Eventually Ada makes her choice and leaves the audience wandering if they have made their choices appropriately.
This is a DVD worth owning, not one to rent. I would characterize this as a chick flick, but not one full of relationship talk -- after all, the main character is mute.
on June 23, 2000
It is the 1800's, after all, and the fate of women who produce children out of wedlock is expected to be grim--all the more so if she is "one of God's dumb creatures"; i.e., mute. So Ada's father probably thought he was doing her an enormous favor to get her married to a prosperous farmer in New Zealand. Sam Neill plays the farmer who probably does love Ada a bit, but who seems more concerned that he has been bilked in a deal when she did not return his ardor. Keitel is brilliant, as always, as Baines, the European who has "gone native" and now feels his own ethnic roots calling to him for apparently the first time in years. Paquin shows promise of great things to come as the daughter-turned-vengeful brat when her mother actually dares to show intense feelings for anyone other than her offspring.
In the end this is a tale of the redemption of the human spirit as Ada (Hunter) learns to love and trust a man again (albeit not her own husband), her husband finally learns the difference between family and property, and Baines finds his longings fulfilled through his ability to sacrifice satisfaction of his own needs for the safety and happiness of the woman he loves.
Fine performances by all involved, including the supporting cast of transplanted UK eccentrics who give just the right comic touch to a very weighty story.
A triumph of a film, the ending of which is slightly Chaucrian when Baines learns that the best way to have your way with a woman is to let her have her way first.
Well done, Campion! You created a masterpiece.
on February 15, 2000
"That Piano" was definitely one of the best films of 1993. The performances from the cast were spellbinding. Holly Hunter certainly deserved the Best Actress Ocsar she earned for this performance. It was a while since l had seen her really fit a character like a glove since her role in 1987 as a slightly cuckoo network television producer in "Broadcast News". Even though she doesn't speak a work throughout the entire movie, l got every emotion from her hands, face and her playing of the piano. Not many people know that Holly Hunter actually did a portion of her own piano playing in the film. Not all of it was done by the composer, Michael Nyman. Which leads my into the film's dramatic score which was both haunting and dream-like. Another point l would also like to make is that director Jane Campion is the first and only woman-director to be nominated for an Academy Award for this film. That is quite the feat in itself if you ask me. Newcomer Anna Paquin is mesmorizing as the young daughter who finds out about her mother's extra cirricular activities, if you know what l mean. Anna Paquin would go one to win the Oscar for best supporting actress at only the tender age of 11. Wow ! I highly recommend this tale of love, sex, betrayal and consequences.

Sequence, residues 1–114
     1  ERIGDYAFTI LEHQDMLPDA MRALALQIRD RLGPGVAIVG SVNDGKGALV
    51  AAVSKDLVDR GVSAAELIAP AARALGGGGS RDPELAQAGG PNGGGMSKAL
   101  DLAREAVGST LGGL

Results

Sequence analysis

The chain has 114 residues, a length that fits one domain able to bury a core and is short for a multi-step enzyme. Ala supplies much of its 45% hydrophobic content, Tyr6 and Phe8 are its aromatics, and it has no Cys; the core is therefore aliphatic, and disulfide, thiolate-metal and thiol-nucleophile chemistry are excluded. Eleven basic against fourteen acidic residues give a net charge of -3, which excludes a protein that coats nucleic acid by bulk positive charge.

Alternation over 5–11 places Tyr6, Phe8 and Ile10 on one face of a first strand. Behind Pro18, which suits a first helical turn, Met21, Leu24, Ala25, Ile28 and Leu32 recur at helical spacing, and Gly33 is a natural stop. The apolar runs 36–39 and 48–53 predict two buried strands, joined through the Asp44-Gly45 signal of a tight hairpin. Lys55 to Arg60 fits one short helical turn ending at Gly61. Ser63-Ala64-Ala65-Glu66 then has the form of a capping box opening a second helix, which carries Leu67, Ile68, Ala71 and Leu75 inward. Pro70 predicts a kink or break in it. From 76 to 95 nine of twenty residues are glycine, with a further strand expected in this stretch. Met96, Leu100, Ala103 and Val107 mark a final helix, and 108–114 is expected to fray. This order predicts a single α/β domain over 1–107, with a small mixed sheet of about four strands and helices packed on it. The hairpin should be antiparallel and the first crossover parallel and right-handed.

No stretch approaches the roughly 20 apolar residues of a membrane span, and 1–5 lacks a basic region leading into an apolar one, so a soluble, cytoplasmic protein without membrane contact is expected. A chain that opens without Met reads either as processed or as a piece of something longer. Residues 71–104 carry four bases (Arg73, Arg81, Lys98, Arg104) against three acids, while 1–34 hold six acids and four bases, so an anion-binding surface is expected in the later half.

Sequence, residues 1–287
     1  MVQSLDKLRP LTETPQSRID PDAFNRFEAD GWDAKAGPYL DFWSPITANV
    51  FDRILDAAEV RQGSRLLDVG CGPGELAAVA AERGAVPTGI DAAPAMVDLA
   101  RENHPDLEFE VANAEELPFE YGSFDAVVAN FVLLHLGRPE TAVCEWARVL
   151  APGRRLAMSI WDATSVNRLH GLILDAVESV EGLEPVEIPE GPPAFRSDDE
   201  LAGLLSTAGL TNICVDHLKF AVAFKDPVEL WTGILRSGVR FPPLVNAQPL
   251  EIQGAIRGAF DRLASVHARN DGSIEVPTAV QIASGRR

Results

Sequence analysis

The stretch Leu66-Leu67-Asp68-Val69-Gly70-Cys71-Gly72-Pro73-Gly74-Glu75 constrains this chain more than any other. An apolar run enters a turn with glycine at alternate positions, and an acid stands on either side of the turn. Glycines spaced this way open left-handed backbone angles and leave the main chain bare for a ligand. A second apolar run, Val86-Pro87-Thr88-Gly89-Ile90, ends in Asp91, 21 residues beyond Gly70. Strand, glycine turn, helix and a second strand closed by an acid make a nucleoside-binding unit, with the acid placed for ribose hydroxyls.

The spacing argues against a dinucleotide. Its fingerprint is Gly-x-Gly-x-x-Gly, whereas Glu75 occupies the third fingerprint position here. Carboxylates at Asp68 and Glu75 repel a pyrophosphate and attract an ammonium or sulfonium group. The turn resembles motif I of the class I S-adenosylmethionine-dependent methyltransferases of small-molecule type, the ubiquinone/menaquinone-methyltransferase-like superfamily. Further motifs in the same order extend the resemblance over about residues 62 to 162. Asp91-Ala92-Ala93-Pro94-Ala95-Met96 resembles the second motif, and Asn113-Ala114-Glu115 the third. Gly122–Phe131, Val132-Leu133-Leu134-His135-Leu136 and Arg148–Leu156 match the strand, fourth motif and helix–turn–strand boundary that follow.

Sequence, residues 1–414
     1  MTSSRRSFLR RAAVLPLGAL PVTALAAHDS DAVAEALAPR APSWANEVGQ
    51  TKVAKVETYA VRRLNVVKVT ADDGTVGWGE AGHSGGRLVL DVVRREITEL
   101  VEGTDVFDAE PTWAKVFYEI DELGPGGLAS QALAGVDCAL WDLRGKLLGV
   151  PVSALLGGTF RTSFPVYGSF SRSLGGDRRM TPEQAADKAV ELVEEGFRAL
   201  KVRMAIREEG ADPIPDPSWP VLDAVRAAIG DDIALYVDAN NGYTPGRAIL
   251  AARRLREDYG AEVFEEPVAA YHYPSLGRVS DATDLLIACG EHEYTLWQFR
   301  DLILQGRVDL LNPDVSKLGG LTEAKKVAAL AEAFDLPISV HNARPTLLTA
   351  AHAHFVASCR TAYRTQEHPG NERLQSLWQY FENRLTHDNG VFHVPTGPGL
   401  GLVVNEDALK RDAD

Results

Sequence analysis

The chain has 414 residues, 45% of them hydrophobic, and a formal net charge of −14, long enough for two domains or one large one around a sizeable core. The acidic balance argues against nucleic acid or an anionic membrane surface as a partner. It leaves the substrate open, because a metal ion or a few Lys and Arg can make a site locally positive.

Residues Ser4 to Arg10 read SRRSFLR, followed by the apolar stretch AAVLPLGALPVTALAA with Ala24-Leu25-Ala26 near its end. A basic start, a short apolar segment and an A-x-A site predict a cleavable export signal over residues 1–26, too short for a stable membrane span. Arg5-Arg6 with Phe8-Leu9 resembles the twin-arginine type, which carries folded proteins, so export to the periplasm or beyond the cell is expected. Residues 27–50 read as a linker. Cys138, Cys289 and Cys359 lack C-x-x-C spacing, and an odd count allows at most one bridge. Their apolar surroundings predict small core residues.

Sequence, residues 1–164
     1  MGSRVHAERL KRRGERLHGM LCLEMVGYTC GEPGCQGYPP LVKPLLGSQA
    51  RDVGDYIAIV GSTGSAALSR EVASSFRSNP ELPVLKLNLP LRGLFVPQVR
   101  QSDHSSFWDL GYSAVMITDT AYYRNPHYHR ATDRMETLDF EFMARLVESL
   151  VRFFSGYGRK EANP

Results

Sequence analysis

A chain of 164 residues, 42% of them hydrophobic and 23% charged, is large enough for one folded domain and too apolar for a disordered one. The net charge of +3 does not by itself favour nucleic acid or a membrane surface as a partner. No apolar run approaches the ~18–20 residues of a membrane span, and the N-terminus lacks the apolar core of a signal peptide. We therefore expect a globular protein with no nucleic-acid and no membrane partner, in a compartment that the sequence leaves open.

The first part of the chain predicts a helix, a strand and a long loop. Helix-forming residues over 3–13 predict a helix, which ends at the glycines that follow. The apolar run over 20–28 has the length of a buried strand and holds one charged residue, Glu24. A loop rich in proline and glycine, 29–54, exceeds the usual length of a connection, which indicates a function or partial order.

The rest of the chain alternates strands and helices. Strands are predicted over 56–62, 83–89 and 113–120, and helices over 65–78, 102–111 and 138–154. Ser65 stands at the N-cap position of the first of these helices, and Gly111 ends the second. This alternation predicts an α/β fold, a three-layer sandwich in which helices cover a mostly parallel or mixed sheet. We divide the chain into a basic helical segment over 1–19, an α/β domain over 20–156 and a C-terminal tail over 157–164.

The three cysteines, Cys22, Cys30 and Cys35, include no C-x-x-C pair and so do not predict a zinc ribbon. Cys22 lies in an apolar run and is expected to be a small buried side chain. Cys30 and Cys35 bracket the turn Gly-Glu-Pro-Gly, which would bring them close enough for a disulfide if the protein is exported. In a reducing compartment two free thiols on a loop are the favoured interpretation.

on January 2, 2003
The Piano is truly a hypnotic film. It takes you away to a bleak, desolate New Zealand island where Ada McGrath, a shy woman who stopped speaking at the age of six is getting off a boat to meet her soon-to-be husband Stewart, arranged by her father, with her daughter Flora. Ada communicates through Flora, who can talk. Ada uses her old family piano as a way to express her feelings, and she needs it to remain calm and stable. The men could not get the piano up to Stewart's house, which frustated Ada immensly. Stewart's neighbor George Baines then brings it to his house after much of Ada's pleading and lets Ada play it in exchange for sexual favors.
This is an extremely intriguing, beautiful, unique romantic drama that all interested in film should definitely check out. It is one of my all time favorite movies.
Directed by Jane Campion
Starring Holly Hunter, Ann Paquin, Harvey Keitel, and Sam Neill
Rated R for moments of extremely graphic sexuality
on June 9, 1999
Campion's subtle drama about a young mute woman (Hunter) who is given a arranged marriage to New Zealand farmer (Neill) translates into an extraordinary personal story about love, communication from a woman's point of view. Hunter's beloved piano is the centre point of the film and symbolises the relationships between the characters. Like nearly all art house productions, its the acid test of how deep a person you really are, how you understand and are moved by the subtle undertones and friction between the characters like those seen in Visconti's equally brilliant "Death in Venice" and Hugh Hudson's "Chariots of Fire". The music fits the film perfectly and heightens the emotion, but the real stars are the actors, Kietel, Hunter and of course the young Paquin giving the performances of their carreers. Beautiful photography and locations add to the mystic.
on July 3, 2001
I own this movie and have watched it many times and have cried many times. A friend once asked me what my favorite part was and was quite stunned when i told him the part where Hollie Hunter's "husband" chopped off her finger. I told him it was because of the passion....the passion of the raging storm and the passions raging inside of the actors. Which, i believe were very well portrayed by all of the cast. I'm sure you've guessed by now that i am a very passionate person and i have a love of music, as well. This movied touched me tremendously....it portrayed passion to the extreme. It was a bit of softcore porn....but it was more erotic softcore porn. It was lovely and beautiful in the way it was portrayed. If you want to understand the true measure of a persons' loves...then i highly recommend owning this movie!!
on September 16, 2002
I have watched this movie at least a half dozen times since it's release and I am not tired of it yet. I am not an art house movie fan, but this one will either grab you by the throat and mesmerize you or it will totally turn you off. It is that strong a movie that there are no neutral reactions. My husband, who normally sleeps through my movies (even Schindler's List for God's sake!) could not sleep through this one. I have force fed it to a number of friends and the reaction is either gut-wrenching identifucation with the characters, or turning away in anger or disgust. By all means see it and judge for yourself, but don't plan on on easy movie experience. It is allegorical, romantic and harsh and beautiful and lovely to listen to and Holly Hunter considers it some of her best work. So do I.